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Not all disabilities are visible.

In May of 2013, I was diagnosed with an invisible disease. It was the end of a 3-year journey I spent looking for answers.  It started with an outbreak of shingles, followed by daily, unceasing pain and fatigue.  I’d been to a rheumatologist, who tested me for autoimmune diseases with no results.  I’d been to a neurologist, who tested me for MS with no results.  I’d been to a cardiologist who tested my heart and found nothing wrong.  I was desperate for an answer.  I was tired of dealing with pain and fatigue every day with no explanation as to why.  I tried pain pills – they didn’t work.  I tried caffeine – that didn’t work.  I tried cutting sugar – that didn’t work.  I tried drinking only water – that didn’t help.  After 3 years, I gave in and decided to call the Mayo Clinic and was finally given the gift of a diagnosis.  Following a week of blood tests, physical exams, x-rays, and sleep tests, I received the one word that would change my life forever: fibromyalgia.  

Fibromyalgia, as defined by the National Fibromyalgia & Chronic Pain Association, is, “a complex chronic pain disorder that causes widespread pain and tenderness to touch that may occur body wide or migrate over the body [and] affects people physically, mentally and socially.”  Due to abnormal sensory processing in my central nervous system, I experience amplified pain without any real cause.  No one knows exactly what causes fibromyalgia, though there are theories.  For me, I started experiencing symptoms after a traumatic experience in 2010.  There is research that shows there may be a genetic factor and my father tells me my grandmother had fibromyalgia.  While I don’t know the exact cause, I’d like to share with you the good, the bad, and the ugly of this disease:

The good

  • This is not a fatal disease, nor will it shorten my life;
  • I’ve learned to slow down and focus only on those things which are a priority;
  • Fibromyalgia has shown me how strong I am;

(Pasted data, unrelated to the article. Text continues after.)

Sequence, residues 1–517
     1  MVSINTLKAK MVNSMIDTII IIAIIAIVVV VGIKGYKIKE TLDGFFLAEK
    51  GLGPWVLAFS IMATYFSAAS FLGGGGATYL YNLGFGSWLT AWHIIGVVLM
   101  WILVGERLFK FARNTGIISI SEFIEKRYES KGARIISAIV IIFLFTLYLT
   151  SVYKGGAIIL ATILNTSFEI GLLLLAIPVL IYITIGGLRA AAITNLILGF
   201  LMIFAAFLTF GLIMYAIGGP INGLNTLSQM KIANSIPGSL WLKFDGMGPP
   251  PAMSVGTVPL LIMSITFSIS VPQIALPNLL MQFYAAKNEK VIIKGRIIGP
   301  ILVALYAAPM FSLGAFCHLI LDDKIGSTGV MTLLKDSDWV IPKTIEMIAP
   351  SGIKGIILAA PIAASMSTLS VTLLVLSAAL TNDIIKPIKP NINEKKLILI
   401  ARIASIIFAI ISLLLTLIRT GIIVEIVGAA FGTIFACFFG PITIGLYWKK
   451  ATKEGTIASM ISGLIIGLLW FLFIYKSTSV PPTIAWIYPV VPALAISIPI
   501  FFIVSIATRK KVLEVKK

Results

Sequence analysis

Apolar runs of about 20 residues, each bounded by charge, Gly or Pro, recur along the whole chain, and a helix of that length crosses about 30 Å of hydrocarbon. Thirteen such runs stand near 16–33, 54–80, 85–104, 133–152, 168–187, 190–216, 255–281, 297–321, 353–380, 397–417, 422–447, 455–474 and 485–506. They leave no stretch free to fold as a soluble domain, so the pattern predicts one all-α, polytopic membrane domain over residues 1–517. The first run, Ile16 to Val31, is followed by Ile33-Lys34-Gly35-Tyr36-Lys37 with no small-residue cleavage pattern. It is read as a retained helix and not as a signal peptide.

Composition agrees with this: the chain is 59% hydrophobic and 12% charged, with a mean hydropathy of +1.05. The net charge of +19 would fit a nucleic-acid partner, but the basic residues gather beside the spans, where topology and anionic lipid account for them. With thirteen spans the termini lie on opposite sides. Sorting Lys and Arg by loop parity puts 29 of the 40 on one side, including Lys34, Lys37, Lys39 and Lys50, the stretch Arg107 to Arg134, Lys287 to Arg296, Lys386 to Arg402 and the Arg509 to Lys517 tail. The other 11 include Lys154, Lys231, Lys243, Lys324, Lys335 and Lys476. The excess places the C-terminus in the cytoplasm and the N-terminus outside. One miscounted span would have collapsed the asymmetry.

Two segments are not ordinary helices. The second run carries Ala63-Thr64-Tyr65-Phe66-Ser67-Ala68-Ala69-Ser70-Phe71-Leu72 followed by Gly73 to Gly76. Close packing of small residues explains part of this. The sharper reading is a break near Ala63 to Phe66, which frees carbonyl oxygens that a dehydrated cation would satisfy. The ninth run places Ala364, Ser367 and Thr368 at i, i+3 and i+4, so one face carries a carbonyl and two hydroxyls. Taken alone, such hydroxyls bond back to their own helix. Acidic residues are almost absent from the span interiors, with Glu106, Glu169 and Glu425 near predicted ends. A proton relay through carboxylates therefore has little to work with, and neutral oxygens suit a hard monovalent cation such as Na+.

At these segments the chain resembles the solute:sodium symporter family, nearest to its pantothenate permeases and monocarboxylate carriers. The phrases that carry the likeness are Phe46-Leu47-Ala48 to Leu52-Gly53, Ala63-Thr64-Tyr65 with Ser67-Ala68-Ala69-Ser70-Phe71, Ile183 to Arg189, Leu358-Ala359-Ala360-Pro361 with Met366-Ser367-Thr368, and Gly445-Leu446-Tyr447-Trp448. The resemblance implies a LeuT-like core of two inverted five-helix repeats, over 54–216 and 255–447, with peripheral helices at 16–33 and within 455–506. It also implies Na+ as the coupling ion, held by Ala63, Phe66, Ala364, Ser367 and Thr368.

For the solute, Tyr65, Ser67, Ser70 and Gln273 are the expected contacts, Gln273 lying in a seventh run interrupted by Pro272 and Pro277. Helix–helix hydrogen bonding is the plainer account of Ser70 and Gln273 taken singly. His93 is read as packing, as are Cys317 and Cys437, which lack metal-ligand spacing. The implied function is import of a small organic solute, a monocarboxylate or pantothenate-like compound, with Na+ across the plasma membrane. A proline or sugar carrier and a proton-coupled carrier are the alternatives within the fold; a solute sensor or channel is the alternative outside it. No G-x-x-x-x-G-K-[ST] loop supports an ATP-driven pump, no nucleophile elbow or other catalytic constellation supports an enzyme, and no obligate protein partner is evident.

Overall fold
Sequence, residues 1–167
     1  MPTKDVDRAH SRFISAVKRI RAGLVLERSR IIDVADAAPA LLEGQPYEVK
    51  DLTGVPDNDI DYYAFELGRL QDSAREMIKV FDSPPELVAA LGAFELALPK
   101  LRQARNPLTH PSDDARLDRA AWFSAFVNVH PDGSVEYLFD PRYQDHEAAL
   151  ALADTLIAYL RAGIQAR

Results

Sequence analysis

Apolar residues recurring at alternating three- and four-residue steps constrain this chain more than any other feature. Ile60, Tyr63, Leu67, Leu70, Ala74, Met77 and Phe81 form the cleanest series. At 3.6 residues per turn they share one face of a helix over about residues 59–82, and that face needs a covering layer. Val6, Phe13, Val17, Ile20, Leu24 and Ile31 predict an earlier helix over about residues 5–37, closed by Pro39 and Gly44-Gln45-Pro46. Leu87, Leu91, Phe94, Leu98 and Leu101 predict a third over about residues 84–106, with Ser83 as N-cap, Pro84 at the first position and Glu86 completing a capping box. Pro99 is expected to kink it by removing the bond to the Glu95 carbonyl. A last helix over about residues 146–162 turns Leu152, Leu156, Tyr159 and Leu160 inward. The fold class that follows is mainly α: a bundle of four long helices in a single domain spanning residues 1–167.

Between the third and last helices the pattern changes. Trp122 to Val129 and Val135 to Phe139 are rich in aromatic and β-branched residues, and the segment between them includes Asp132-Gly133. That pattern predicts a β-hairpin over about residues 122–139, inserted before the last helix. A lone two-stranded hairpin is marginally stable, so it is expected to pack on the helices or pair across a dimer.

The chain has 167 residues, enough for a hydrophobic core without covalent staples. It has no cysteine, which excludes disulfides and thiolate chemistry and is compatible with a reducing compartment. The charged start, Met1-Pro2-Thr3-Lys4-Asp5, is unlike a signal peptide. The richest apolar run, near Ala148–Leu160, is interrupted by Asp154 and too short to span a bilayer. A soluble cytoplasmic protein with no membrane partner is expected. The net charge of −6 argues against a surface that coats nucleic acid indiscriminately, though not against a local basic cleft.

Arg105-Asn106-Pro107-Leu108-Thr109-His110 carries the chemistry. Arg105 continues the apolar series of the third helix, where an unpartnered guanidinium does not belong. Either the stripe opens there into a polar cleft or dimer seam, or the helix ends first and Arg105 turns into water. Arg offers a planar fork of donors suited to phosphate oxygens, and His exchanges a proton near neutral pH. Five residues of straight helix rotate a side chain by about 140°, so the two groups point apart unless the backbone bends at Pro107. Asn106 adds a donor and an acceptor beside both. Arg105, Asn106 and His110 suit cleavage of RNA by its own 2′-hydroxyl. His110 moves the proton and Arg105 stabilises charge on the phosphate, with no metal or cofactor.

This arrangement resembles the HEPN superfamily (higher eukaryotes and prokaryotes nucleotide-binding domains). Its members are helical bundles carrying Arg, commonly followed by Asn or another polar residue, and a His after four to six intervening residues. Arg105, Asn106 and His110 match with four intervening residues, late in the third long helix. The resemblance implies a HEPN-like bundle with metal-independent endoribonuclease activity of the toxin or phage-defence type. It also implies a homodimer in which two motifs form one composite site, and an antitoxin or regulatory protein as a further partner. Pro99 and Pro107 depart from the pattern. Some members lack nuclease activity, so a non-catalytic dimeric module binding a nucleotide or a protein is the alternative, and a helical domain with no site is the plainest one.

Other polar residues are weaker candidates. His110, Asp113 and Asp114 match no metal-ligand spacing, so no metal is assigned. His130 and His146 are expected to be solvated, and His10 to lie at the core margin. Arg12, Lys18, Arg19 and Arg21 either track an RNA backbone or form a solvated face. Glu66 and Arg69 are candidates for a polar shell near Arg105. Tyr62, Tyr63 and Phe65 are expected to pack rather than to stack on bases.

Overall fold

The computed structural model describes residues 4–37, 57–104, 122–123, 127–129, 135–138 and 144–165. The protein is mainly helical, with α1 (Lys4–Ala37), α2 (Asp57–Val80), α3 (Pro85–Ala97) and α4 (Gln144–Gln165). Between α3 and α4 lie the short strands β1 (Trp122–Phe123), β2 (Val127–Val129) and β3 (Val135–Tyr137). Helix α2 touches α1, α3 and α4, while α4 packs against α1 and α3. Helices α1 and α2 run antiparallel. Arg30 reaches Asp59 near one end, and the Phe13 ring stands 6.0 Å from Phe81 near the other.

• I have the flexibility to work from home, which helps me better manage my disease.

The bad

  • Fibromyalgia affects every system in the human body;
  • My common, daily symptoms include: chronic & widespread pain; chronic fatigue & insomnia; sensitivity to various stimuli including light, temperature, smells, and sounds; digestive issues; skin rashes and hives; dizziness; limb numbness; chronic headaches; and muscle stiffness.

The ugly

  • There is no cure – I will deal with this disease for the rest of my life;
  • Unfortunately, I never feel 100% – I have some degree of pain & fatigue every day;
  • I get dirty looks when I choose to use my Handicapped parking tag because I “look normal”.

Having fibromyalgia makes me feel invisible at times.  No one in my life understands the pain I’m in.  I have to say, “no,” to a lot of invitations because I just don’t have the energy.  My daughter gets sad when her hugs make me cry out.  For years, I chose to hide my disease because I was afraid of perceptions and limited opportunities.  However, dealing with this disease has taught me to be strong in non-practical ways, to have compassion for others, and to find solutions to problems others may not have.  I may never know why I was chosen to get this disease, but I choose to live every day with optimism and positivism that I will not let fibromyalgia define me. optimism and positivism that I will not let fibromyalgia define me. 

This video explains Spoon Theory — a simple model for what it takes to manage invisible disabilities like fibro, with daily, unceasing pain and fatigue.  

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